In a recent interview about her appointment from Pope Francis as one of three women to the Dicastery for Bishops, Sister Yvonne Reungoat outlined the qualities we should look for in episcopal candidates. She stated the top quality unequivocally is, “…a bishop (one) must have the ability to listen, both to those who have the same ideas and those who protest.” Got that? Plain and simple, we need listeners as our leaders in the Church. We don’t need the froth and foam of regalia and superfluous pageantry. We don’t need monarchs slogging in the drying cement of power while waving the withering documents of arcane laws they demand we obey. No, we need listeners who warm the chair for us and have the tea and vintage wine on the coffee table so we can settle in for an honest chat.
Listening is hard work. And we all need to do more of it. One of the major forms of listening is called empathic listening. Briefly, this is when we listen as if we were the person talking. We enter this person’s realm of existence no matter how different from our own. We leave judgment, expectations, solutions, and self-assertiveness at the door. When we try to take on another’s feelings at the time, we look them in the eye, we pay no attention at all to our surroundings, we are, in effect, inviting the presence of God into our midst. This type of listening, says Kay Lindahl, founder of The Listening Center, brings forth a ‘creative force’ in the person we are listening to. Ideas begin to flow freely because the creative force is our liberating God. Others call it “the inner spirit, intelligence, the true self.”
The Council is a type of listening method used by Native Americans when someone had to be heard or a case decided by a group. An object is given to the person speaking and while he or she holds it, no one else can speak. The object can be passed to others and the process is repeated. Withholding judgment and letting the words of another seep into our consciousness is paramount. At a pre-determined time, the group leader takes the object and summarizes the arguments presented. A decision is then made in the case.
The fact is that we are ‘rushed’ Americans who take little or no time to sanctify listening. Before we attempt to listen, we need to prepare through meditative and silent prayer. We then need to reflect on our own inner voice—before and during the listening session. This means taking time to breathe deeply, ask for guidance, slow down until wisdom reveals itself. Never speak out of anger when listening. The art of listening well is really a contemplative act; it is a prayer because it surfaces a grace, often brings peace, and provides wisdom. No wonder the great psychologist, Karl Jung, had a sign on the door of his workplace that read: “Bidden or not, God is present here.” When one is listening, one is also hearing God.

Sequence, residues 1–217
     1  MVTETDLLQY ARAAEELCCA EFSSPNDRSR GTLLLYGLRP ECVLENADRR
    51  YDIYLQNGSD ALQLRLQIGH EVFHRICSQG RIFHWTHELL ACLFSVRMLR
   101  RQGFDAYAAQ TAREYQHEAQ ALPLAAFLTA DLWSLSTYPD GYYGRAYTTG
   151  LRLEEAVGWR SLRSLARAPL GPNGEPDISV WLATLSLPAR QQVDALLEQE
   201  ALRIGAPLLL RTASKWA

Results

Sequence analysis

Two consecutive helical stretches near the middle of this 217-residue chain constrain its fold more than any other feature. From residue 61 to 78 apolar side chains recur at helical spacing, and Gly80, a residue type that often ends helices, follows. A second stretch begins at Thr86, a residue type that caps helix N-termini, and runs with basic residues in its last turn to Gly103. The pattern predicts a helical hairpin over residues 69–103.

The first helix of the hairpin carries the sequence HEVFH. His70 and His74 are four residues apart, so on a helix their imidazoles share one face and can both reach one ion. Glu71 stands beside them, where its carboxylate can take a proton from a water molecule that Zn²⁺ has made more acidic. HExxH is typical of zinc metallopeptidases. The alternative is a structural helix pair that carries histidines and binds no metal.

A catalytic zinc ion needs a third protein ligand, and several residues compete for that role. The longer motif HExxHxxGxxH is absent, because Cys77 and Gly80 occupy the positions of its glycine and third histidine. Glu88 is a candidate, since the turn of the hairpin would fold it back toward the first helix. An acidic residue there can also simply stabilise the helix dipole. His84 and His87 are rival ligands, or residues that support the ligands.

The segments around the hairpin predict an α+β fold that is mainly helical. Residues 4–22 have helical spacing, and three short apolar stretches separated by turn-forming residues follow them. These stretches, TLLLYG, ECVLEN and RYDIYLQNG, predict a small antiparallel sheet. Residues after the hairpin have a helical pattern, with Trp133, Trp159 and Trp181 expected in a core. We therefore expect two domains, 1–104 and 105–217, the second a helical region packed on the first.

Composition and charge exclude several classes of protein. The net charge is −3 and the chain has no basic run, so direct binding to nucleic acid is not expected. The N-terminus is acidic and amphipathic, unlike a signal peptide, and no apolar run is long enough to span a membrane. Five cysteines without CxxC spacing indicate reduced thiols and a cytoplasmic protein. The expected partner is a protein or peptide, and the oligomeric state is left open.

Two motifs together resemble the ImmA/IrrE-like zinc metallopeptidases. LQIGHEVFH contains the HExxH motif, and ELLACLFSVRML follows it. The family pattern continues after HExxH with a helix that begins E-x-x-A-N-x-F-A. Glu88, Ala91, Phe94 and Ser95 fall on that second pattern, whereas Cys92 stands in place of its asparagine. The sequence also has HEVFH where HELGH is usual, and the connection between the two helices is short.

Some guidelines for better listening are:
- Prepare for the listening session through prayer and contemplation
- Do not open the session with a preconceived solution.
- Suspend all judgment and expectations of the person
- Try entering into the person’s experience and let yourself feel his or her pain. Do not use platitudes like, “I feel your pain,” because you probably don’t. If you are listening well, you will begin to feel some of the pain.
- End the session with a prayer.
Psychologists and communication scholars have produced an ocean of material regarding listening skills. They are worth looking into. I believe that institutions such as religion, government, corporations, etc. should all have scholars that would educate and enlighten the members in their practices, policies, and changes relevant to strong communication skills and success for the institution and the people it serves. How often have you heard the hackneyed phrase that someone is ‘tone deaf,’ unable to grasp the problem so many are voicing in front of them. The person who is ‘tone deaf’ is often the leader or someone with power to facilitate a needed change.
Consider a bishop who would welcome groups with vested interests to discuss their interests, to wrestle with the doctrine that might be outdated. Consider a bishop who would call respected theologians and spiritual writers, even some who are not on the same page with him and ask them for enlightenment and guidance. Consider a political leader who would invite constituents to town hall meetings on certain issues and listen to them and not spew sulphuric acid on opponents to elevate one’s own power. In fact, to be a good listener, one has to remove the blinders one wears to stay focused on power because blinders prevent one from seeing those on the margins.
We all need to work on improving our listening skills. Perhaps it’s a good idea to take a listening inventory on our style of listening. Do I talk more than listen? Do I bring my personal solution to the table first rather than listen to what another has to offer? Jesus was often exacerbated by the poor listening skills of his followers, but I find the story of the sower and the seeds of faith as a stellar example of why we need to create a holy space as to listen better to the Word of God. This story is found in Mark 4:3-20 and Luke 8:5-15.
Read this Gospel message carefully and ask yourself how you can become a better listener to other people and to God’s word. Practice the challenge of holy listening using the guide provided here. This week let us enter this challenge knowing God is with us as we try to make listening a holy experience. It can be the first step in making a peaceful world.
(Sr. Yvonne is quoted from the article by Carol Glatz in The National Catholic Reporter, August 5-18, p.13. Kay Lindahl is quoted from Richard Rohr’s Daily Meditation, July 27, 2022.)